The glossy screen is dim (HP rates it at 235 nits; we consider 300 a minimum and 400 desirable), so white backgrounds look dingy. Colors are muddy and contrast is flat. Fine details are reasonably sharp, though resolution is modest. (The Settings/Device/Displays menu lets you alter the native 1,366 by 912 pixel count to faux resolutions ranging from 911 by 608 pixels to 1,518 by 1,013.) The display doesn’t look too pixelated.

HP Chromebook x360 12b-06

The display wobbles when tapped in laptop mode but there’s little flex if you mash the keyboard or grasp the screen corners. For playing with Chrome Canvas in tablet mode, HP sent its latest pen ($59.99), which clings magnetically to the system’s left side and meets the new Universal Stylus Initiative protocol that lets the same stylus work with various compatible devices (your Chromebook and your smartphone, say). The USB-C rechargable pen doesn’t offer pressure sensitivity, but it kept up nicely with my fastest swoops and scribbles, with perfect palm rejection when I rested the edge of my hand on the screen.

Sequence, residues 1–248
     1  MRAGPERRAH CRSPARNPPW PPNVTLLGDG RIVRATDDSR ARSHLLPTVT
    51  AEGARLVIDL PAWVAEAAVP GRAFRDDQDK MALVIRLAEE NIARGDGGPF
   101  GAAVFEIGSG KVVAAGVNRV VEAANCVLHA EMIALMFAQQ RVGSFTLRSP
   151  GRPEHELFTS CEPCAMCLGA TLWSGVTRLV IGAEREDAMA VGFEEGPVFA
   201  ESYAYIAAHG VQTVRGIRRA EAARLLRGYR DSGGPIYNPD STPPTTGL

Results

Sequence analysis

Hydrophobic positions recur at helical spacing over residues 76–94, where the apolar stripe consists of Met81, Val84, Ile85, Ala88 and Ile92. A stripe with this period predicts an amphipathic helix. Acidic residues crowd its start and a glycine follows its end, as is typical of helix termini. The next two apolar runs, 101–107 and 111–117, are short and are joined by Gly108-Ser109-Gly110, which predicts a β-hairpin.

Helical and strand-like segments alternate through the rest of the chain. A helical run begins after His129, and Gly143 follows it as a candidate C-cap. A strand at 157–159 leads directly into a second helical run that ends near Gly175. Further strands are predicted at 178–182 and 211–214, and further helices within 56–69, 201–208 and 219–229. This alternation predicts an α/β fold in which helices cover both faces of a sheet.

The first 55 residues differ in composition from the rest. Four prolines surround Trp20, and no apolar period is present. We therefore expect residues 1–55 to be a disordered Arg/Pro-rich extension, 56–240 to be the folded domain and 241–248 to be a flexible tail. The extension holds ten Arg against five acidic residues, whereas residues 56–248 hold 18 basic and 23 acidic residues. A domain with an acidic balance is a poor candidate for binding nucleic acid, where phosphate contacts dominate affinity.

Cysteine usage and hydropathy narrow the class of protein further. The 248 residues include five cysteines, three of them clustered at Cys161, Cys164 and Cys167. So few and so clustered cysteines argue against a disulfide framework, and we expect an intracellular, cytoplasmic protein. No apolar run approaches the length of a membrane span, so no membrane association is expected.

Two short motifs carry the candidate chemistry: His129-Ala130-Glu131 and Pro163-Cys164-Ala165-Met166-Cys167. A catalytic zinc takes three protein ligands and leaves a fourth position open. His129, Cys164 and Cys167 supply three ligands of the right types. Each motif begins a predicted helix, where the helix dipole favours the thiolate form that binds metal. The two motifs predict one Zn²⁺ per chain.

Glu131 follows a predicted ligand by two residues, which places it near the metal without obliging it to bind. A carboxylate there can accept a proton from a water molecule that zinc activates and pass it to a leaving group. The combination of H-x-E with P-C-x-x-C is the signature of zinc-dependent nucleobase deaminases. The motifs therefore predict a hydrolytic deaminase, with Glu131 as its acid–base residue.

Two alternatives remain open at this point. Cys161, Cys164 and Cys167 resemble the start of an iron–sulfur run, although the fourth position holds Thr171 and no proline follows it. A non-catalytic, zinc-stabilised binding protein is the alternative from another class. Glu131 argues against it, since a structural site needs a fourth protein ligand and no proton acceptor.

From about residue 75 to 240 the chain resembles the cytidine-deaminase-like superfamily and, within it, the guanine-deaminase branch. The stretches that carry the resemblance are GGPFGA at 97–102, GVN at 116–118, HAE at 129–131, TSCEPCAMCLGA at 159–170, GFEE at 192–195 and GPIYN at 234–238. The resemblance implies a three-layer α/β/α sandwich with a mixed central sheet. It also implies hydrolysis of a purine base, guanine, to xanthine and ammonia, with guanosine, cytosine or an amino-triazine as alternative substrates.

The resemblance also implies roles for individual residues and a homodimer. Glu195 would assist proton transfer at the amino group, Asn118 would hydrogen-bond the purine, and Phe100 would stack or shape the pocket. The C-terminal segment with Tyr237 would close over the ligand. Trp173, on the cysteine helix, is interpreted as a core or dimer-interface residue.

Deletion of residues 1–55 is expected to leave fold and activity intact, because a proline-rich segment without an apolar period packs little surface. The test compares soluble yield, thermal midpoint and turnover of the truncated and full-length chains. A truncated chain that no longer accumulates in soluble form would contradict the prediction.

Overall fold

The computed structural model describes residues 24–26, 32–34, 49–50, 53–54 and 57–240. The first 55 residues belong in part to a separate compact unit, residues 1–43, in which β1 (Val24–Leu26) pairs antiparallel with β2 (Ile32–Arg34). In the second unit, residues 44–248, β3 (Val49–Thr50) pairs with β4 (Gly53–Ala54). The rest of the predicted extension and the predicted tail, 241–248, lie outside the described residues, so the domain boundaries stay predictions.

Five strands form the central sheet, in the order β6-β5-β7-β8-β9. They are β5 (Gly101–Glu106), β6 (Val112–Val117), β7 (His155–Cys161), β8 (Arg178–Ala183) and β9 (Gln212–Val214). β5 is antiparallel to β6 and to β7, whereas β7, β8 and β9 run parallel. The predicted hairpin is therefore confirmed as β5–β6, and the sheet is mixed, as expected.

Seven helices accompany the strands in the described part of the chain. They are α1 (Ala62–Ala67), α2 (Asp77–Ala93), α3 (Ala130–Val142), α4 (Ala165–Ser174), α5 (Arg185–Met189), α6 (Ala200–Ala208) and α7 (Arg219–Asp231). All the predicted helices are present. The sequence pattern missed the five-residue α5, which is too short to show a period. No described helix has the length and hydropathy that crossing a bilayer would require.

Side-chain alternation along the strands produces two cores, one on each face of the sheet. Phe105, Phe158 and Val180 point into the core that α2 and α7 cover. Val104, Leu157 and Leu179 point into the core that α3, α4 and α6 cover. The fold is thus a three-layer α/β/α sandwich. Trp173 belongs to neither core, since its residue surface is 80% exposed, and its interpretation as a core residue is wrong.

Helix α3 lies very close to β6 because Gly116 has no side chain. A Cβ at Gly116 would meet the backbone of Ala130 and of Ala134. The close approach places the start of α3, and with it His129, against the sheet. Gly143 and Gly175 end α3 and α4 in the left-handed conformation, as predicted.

HP Chromebook x360 12b-05

The 720p webcam captures fairly crisp and well-lit if somewhat noisy images. The Bang & Olufsen-tuned speakers above the keyboard pump out reasonably loud and clear audio, perhaps a bit hollow or buzzy at high volume; overlapping tracks are decently defined, though highs and bass are drowned out by strong midtones.

Chromebook Performance Comparisons

The HP played Android games and streamed YouTube videos smoothly, but it wasn’t difficult to find its limits—opening too many browser tabs or multiple videos produced some sluggishness and stuttering. Everyday operations, however, were perfectly fine.